The Sporting Life

Seattle, Are You Ready for Some Extreme Football?

A resurrected league hopes to excite during the Seahawks’ off-season doldrums.

By Tricia Romano December 23, 2019 Published in the January/February 2020 issue of Seattle Met

The Super Bowl is about to come and go, which means we’ll have to endure seven long, agonizing months without football. Or at least football as we know it. Because here comes the revamped XFL’s first season, beginning February 2020. Seattle’s got a team, the not-so-aptly named Dragons, and they’re coached by a legend, former Seahawks quarterback and assistant coach Jim Zorn.

And there the Seahawks shine pretty much ends.

Vince McMahon, the owner of the World Wrestling Federation (now the WWE), first started the XFL in 1999 on NBC. It only lasted a season, 2001, when the ratings tanked and the experiment lost millions of dollars.

You may remember XFL, if you remember it at all, as an amalgamation. For the players it’s halfway between a college game and the NFL, ostensibly an audition for the big leagues. For you, the viewer, it’s American football meets Thunderdome. Faster, harder hitting, and—with almost no breaks in play time—potentially harsher on players’ bodies.

For the traditional game’s inevitable risks—including degenerative brain disease from head injuries—many NFL players stand to make millions (the median annual salary for NFL players is $860,000). But XFL players aren’t making NFL money. The XFL offers an annual base salary of $27,040, plus per-game bonuses and weekly win bonuses, for a potential average annual salary of $55,000. Not bad for a desk job, but a terrible rate when you consider the risk of serious injury.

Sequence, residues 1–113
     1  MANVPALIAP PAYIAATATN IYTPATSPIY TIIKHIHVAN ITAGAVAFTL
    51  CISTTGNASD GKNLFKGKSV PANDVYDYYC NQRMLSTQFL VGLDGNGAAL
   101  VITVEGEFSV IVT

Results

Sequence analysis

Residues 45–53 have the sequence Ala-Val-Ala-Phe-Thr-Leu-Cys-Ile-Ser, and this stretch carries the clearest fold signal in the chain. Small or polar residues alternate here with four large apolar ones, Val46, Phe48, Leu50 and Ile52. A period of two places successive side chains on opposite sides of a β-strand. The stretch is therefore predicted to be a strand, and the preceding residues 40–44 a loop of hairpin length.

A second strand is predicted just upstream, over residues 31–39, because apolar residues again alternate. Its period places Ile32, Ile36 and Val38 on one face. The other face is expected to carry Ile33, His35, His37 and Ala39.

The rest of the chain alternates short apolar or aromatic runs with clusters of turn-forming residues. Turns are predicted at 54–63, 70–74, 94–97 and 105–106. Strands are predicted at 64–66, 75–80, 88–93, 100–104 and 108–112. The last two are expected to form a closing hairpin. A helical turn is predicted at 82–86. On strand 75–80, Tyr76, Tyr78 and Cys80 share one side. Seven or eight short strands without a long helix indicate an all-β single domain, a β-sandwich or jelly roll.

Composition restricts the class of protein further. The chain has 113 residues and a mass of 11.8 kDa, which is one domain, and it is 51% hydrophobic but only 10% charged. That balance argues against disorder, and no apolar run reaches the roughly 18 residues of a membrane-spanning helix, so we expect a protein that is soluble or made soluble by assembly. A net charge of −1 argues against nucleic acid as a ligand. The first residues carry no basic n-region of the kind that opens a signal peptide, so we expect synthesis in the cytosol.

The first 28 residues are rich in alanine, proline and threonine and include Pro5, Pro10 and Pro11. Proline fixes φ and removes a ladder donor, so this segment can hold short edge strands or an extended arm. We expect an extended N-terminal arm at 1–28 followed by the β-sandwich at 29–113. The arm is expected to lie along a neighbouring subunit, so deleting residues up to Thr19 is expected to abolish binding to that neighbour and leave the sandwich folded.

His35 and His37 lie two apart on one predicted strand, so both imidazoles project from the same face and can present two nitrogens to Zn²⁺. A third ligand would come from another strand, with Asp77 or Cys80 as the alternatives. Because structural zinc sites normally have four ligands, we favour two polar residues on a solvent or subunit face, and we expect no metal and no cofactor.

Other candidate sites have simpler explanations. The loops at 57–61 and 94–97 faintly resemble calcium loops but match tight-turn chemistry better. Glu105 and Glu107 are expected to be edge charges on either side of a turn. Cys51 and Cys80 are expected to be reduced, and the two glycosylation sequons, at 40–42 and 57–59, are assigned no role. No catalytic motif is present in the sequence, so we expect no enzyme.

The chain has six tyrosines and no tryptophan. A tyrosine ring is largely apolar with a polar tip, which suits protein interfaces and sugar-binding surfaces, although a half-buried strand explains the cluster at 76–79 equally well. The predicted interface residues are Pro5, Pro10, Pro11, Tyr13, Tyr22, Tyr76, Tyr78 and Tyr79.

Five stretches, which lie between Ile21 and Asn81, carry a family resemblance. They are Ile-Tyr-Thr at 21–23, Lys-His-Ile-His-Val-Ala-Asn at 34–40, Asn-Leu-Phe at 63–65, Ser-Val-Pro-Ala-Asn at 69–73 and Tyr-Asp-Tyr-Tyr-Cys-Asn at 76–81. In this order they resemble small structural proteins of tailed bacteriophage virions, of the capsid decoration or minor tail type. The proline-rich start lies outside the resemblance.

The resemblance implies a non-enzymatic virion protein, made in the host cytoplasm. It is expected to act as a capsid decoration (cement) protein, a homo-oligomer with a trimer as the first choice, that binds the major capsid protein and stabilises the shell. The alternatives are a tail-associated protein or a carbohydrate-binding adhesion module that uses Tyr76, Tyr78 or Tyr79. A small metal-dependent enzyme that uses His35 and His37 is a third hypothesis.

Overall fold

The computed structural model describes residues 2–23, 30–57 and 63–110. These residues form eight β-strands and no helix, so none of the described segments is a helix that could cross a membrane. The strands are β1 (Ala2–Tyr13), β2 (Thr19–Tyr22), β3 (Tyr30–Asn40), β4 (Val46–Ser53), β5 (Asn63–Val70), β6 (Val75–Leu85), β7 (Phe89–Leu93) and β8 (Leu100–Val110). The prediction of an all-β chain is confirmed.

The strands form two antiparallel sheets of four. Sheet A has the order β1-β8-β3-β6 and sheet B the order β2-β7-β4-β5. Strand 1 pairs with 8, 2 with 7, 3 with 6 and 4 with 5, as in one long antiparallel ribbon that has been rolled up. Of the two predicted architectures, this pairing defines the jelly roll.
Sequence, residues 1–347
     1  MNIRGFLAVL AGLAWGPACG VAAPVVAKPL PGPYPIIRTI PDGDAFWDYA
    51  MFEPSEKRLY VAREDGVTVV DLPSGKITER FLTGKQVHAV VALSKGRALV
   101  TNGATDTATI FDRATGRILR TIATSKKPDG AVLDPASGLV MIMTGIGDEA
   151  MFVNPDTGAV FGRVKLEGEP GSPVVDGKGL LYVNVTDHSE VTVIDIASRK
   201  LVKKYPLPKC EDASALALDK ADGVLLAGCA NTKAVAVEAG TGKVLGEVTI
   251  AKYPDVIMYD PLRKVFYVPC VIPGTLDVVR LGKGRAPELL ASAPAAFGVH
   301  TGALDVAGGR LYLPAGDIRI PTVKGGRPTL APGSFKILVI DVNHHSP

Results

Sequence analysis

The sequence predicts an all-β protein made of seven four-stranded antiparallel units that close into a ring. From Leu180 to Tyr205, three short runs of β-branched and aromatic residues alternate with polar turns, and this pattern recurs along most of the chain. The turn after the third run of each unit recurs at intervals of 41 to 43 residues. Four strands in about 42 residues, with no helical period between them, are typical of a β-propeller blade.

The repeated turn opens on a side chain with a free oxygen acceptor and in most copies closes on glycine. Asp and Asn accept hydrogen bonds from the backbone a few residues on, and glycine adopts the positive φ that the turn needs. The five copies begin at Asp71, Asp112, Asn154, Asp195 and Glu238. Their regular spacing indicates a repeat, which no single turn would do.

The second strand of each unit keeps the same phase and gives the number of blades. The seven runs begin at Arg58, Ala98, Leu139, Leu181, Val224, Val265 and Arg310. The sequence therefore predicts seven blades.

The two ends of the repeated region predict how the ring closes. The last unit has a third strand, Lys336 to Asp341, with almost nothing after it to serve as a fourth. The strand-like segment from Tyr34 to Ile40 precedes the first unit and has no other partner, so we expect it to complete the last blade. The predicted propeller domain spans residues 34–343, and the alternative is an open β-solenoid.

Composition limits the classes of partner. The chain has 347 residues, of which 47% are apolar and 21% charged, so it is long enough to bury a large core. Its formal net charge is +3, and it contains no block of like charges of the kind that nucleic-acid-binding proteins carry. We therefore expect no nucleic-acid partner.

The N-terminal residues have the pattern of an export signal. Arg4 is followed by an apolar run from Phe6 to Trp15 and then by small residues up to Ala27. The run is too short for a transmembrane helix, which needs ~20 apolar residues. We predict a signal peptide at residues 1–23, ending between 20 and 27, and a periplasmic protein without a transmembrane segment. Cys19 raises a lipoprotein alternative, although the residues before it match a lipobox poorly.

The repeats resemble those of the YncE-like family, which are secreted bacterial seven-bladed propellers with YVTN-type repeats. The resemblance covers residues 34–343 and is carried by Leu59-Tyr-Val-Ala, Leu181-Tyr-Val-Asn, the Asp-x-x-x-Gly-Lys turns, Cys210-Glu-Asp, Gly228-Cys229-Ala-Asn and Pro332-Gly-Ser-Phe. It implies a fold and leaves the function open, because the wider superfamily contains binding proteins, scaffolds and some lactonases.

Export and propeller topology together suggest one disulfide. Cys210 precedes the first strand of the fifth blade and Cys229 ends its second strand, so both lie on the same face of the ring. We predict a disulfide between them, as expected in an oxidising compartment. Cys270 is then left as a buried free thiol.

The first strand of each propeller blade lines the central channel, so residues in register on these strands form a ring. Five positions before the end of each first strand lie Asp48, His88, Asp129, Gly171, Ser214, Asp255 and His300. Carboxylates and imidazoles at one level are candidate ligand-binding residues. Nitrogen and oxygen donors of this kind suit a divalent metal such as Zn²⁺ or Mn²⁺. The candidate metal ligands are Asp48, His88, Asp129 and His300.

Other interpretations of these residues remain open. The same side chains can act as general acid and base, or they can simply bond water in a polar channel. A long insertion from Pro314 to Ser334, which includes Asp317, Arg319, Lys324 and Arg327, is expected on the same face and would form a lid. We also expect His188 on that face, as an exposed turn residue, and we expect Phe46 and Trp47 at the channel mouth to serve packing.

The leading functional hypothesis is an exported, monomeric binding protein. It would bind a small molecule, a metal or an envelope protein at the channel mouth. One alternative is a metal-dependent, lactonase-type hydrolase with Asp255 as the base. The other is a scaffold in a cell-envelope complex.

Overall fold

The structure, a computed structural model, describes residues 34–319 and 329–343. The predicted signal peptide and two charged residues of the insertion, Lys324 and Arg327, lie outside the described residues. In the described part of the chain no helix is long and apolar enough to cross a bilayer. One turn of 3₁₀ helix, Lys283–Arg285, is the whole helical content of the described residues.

Similar to its inception, this new take on the XFL wants to draw out contrasts between itself and the NFL’s reputation as the “No Fun League,” with a smaller number of teams (just eight this go-round) in two divisions, fewer rules, and more exciting plays. The old XFL did away with the coin toss in favor of an “opening scramble” which led to one player dislocating his shoulder.

That’s over, but there are other major differences to the NFL: As with soccer the play clock doesn’t stop (so no more standing around); overtime also mirrors soccer with a shoot-out from the five-yard line and five attempts to score; in kickoff returns, players can’t move until the ball is caught.

When the Seattle Dragons begin their first home game against the Tampa Bay Vipers we’ll see a version of football—a version first created under the auspices of pro wrestling—that’s more aggressive and with new rules.

Maybe that’s your thing. Maybe seven months waiting for the Hawks to return isn’t that long after all.

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